Should Ireland remain neutral?

Aoife Breslin

Russia about to conduct naval exercises off the coast of Cork, we must remind ourselves that Ireland’s stance on using neutrality as a means of security, will not work when faced with global conflict.

For decades, Ireland has taken the neutral course in order to avoid having a security policy.

In previous wars we can see how this would have worked for Ireland, they sheltered beneath Nato’s shield during the cold war, not contributing to the fight but also not showing a purely neutral stance either.

Dublin’s policy to freeride during this war ended up keeping Ireland in the anti-Soviet camp cost-free.

Unfortunately for Ireland, our coast is about to be raided by Russia, it is time they decided that adopting a security policy would be a step forward for the country.

Ireland’s neutrality has always played a major role in peacekeeping operations worldwide, which has led them to believe that they don’t need a security policy. However, with Russia’s war games moving in on Irish soil, the security of Ireland’s island is becoming unsettled.

Our geographical location previously benefitted us when avoiding global conflict, but with the growth of Ireland’s cyberspace, we can no longer isolate ourselves from engagement in these wars, especially with the danger of cyberattacks at our forefront.

When it comes to technology and information services, Ireland is host to many major headquarters and data centers. Making them vulnerable to cyberattacks, which more than often have real-life implications.

In 2021, the Health Service Executive (HSE) faced a major cyberattack. This major incident is said to have been conducted by rogue criminal actors within Russia using Conti Ransomware.

With over 80% of IT infrastructure impacted and a loss of major documents and patient information, Ireland’s healthcare system is still recovering from this cyberattack.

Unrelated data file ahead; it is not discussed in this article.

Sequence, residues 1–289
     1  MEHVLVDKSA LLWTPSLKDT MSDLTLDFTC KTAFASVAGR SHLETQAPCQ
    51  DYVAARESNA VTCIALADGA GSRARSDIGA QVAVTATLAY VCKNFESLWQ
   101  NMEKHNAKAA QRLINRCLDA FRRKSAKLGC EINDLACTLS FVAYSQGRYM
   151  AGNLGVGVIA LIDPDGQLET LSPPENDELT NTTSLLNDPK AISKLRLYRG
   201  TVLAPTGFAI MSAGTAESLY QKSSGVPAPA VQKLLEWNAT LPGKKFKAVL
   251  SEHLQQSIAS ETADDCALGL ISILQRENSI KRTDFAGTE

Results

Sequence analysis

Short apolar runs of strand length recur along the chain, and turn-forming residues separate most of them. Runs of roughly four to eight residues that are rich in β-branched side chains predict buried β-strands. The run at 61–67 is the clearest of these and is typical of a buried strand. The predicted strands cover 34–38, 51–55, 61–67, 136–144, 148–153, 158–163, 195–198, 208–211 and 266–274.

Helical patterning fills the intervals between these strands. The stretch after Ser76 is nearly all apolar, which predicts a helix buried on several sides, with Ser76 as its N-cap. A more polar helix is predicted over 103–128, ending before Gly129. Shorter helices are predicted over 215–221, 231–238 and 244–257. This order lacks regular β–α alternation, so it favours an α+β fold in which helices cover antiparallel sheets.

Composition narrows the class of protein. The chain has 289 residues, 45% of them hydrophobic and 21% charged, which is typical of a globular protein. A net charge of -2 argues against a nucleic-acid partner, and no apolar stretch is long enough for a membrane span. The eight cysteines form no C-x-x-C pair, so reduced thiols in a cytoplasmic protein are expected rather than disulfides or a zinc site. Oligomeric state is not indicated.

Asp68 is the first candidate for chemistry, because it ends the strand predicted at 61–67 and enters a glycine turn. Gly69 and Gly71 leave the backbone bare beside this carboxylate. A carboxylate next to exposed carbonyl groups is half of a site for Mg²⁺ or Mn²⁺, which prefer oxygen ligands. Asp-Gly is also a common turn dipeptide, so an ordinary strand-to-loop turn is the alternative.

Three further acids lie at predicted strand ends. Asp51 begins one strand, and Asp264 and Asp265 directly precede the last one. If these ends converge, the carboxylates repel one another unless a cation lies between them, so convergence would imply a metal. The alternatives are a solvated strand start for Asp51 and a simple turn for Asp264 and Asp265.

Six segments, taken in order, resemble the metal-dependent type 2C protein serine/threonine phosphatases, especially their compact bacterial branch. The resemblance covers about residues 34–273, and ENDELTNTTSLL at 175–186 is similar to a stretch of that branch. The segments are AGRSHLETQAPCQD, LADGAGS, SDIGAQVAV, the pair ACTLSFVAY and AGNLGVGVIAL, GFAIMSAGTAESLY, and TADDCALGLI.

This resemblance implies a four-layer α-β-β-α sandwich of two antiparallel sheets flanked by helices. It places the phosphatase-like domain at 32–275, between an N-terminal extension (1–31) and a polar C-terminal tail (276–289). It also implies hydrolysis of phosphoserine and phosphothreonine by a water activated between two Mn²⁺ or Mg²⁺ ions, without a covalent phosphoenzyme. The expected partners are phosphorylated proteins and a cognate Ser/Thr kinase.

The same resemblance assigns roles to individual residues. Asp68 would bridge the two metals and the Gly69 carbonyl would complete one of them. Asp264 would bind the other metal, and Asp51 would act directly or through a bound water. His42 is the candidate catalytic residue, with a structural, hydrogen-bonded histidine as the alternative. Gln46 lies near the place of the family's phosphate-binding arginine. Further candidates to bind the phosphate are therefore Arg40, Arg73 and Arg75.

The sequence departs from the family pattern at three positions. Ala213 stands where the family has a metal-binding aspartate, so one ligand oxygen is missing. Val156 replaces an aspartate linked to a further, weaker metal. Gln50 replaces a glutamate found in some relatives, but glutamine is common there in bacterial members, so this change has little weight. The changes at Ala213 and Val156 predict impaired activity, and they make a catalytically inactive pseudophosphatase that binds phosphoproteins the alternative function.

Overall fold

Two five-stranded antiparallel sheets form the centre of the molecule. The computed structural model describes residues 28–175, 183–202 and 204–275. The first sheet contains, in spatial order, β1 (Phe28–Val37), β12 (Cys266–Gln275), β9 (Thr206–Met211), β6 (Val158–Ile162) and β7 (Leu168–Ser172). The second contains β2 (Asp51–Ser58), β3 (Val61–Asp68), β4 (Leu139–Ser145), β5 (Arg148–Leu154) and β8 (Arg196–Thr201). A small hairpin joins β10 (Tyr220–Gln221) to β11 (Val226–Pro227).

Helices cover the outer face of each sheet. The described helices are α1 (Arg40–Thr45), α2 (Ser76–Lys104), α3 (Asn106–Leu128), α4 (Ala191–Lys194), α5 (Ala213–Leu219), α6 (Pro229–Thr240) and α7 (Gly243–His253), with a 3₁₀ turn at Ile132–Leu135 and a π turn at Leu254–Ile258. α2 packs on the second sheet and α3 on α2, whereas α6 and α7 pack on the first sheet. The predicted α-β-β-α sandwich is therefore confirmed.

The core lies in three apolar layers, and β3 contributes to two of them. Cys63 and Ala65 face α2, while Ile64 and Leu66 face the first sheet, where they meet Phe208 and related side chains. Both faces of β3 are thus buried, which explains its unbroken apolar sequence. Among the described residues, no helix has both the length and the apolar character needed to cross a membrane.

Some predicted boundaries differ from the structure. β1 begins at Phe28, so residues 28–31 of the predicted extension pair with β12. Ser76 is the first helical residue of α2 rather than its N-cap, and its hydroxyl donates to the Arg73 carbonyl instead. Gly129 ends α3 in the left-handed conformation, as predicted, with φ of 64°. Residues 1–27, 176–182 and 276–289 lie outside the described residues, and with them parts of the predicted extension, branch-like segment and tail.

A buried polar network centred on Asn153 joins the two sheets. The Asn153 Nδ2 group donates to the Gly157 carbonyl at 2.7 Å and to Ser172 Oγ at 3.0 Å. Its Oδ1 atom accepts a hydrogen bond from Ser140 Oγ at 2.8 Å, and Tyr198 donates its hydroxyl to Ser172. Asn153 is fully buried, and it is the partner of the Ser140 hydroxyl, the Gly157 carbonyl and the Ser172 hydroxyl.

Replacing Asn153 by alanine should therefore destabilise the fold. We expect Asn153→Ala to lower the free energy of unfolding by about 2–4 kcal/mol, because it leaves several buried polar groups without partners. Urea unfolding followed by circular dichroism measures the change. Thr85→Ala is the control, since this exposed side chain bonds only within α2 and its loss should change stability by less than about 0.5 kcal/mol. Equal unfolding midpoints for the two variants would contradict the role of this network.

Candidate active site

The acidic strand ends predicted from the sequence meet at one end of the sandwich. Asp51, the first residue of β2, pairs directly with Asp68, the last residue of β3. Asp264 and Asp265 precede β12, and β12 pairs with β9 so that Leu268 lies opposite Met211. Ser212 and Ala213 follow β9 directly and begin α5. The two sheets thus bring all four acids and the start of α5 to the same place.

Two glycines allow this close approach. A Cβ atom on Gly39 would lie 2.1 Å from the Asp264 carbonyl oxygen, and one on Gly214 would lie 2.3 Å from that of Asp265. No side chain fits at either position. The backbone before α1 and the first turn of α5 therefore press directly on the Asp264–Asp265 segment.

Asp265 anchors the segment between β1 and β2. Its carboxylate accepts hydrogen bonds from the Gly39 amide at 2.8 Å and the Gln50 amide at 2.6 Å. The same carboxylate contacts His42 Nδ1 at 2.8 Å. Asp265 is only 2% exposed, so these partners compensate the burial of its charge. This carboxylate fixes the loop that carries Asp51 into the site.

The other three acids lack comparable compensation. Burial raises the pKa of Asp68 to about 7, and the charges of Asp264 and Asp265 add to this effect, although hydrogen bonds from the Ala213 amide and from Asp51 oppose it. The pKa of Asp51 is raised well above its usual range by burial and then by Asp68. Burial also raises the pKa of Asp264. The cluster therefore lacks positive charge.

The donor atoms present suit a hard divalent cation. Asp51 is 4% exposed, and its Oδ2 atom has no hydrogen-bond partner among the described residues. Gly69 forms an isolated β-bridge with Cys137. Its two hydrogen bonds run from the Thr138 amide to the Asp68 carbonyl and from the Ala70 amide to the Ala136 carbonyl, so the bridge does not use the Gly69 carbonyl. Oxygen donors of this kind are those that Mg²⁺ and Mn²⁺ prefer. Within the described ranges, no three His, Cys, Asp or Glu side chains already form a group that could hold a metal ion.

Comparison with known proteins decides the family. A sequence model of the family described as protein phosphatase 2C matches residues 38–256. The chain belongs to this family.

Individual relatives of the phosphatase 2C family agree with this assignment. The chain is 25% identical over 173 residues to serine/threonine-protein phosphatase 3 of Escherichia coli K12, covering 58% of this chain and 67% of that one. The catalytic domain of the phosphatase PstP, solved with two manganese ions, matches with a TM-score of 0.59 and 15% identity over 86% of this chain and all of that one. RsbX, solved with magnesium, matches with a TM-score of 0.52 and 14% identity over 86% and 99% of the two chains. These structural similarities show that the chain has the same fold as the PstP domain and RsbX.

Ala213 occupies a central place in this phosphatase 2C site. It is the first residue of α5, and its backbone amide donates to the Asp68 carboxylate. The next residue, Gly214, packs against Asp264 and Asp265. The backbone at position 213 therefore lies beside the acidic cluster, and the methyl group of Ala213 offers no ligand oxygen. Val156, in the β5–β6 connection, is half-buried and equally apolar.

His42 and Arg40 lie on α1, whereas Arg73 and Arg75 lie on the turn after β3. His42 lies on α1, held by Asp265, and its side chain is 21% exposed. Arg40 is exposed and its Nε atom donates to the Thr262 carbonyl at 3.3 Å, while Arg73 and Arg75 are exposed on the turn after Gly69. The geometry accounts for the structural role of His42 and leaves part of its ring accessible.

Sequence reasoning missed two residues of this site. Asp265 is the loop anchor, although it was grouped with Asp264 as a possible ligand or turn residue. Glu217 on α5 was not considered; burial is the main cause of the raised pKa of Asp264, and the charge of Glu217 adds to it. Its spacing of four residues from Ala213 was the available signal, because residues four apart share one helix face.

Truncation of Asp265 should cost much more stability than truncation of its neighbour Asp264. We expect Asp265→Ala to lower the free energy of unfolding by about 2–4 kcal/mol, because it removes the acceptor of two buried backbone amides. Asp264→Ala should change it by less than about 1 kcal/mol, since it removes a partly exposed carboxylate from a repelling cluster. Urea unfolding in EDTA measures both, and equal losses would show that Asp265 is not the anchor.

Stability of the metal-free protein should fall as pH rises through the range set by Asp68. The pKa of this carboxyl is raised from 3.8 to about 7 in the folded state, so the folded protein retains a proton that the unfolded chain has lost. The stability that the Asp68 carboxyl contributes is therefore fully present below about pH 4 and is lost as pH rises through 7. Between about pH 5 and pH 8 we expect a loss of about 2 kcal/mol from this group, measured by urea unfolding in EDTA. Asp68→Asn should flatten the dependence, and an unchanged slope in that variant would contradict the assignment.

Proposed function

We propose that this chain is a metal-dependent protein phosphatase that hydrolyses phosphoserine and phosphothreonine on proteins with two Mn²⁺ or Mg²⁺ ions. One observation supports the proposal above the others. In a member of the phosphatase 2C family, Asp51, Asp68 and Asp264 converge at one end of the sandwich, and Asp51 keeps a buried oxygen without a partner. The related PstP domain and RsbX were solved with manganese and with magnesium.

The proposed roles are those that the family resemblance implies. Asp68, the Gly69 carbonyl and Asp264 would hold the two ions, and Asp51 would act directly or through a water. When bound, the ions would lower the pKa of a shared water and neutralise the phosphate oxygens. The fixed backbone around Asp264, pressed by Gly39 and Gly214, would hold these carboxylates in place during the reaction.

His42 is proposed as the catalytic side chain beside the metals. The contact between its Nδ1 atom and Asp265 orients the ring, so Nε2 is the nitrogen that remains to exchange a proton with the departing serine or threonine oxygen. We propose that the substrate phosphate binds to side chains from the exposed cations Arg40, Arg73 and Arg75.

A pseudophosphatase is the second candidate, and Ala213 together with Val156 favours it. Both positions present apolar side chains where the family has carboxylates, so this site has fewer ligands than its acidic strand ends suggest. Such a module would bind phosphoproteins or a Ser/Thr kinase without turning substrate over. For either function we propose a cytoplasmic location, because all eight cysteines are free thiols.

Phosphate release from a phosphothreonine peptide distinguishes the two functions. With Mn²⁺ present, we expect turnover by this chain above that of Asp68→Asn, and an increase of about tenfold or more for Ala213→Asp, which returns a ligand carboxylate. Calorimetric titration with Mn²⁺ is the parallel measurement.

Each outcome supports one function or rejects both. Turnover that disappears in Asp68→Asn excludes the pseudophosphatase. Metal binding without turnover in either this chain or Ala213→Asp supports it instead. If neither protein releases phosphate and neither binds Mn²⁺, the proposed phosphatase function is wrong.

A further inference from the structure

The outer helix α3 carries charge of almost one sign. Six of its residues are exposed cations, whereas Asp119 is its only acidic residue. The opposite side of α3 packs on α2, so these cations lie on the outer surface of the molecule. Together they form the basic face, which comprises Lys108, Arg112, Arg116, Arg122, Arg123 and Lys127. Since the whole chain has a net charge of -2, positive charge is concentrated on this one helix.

Even with the neutrality that Ireland maintains, in any conflict between Russia and Europe, Ireland’s role as a key infrastructure provider will always cause them to be targeted.

With Russian naval forces incoming, Ireland is not capable to overturn the Russians alone, however, it should be able to deploy naval assets that can monitor the Russian’s moves.

Leaving their waters undefended may be the only option for the Irish if they do not call upon allies to ensure that the Russians know they are not allowing them to overtake their territory.

Announcing that Russia’s exercises are ‘unwelcome’ is not enough to overthrow the current situation, it is merely letting them know that Ireland will do nothing to stop them.

Country leaders such as the French President Emmanuel Macron have pushed for Europe to become more serious about its security policy.

In contrast, Ireland remains comfortable in its neutral state but there is a choice to be made: Ireland either must support a European security policy being introduced or aim to take a completely neutral stance such as Austria or Switzerland.

The option for being a neutral state when convenient is no longer good for Ireland, it must prepare to pay the cost of becoming truly neutral or push for a security policy.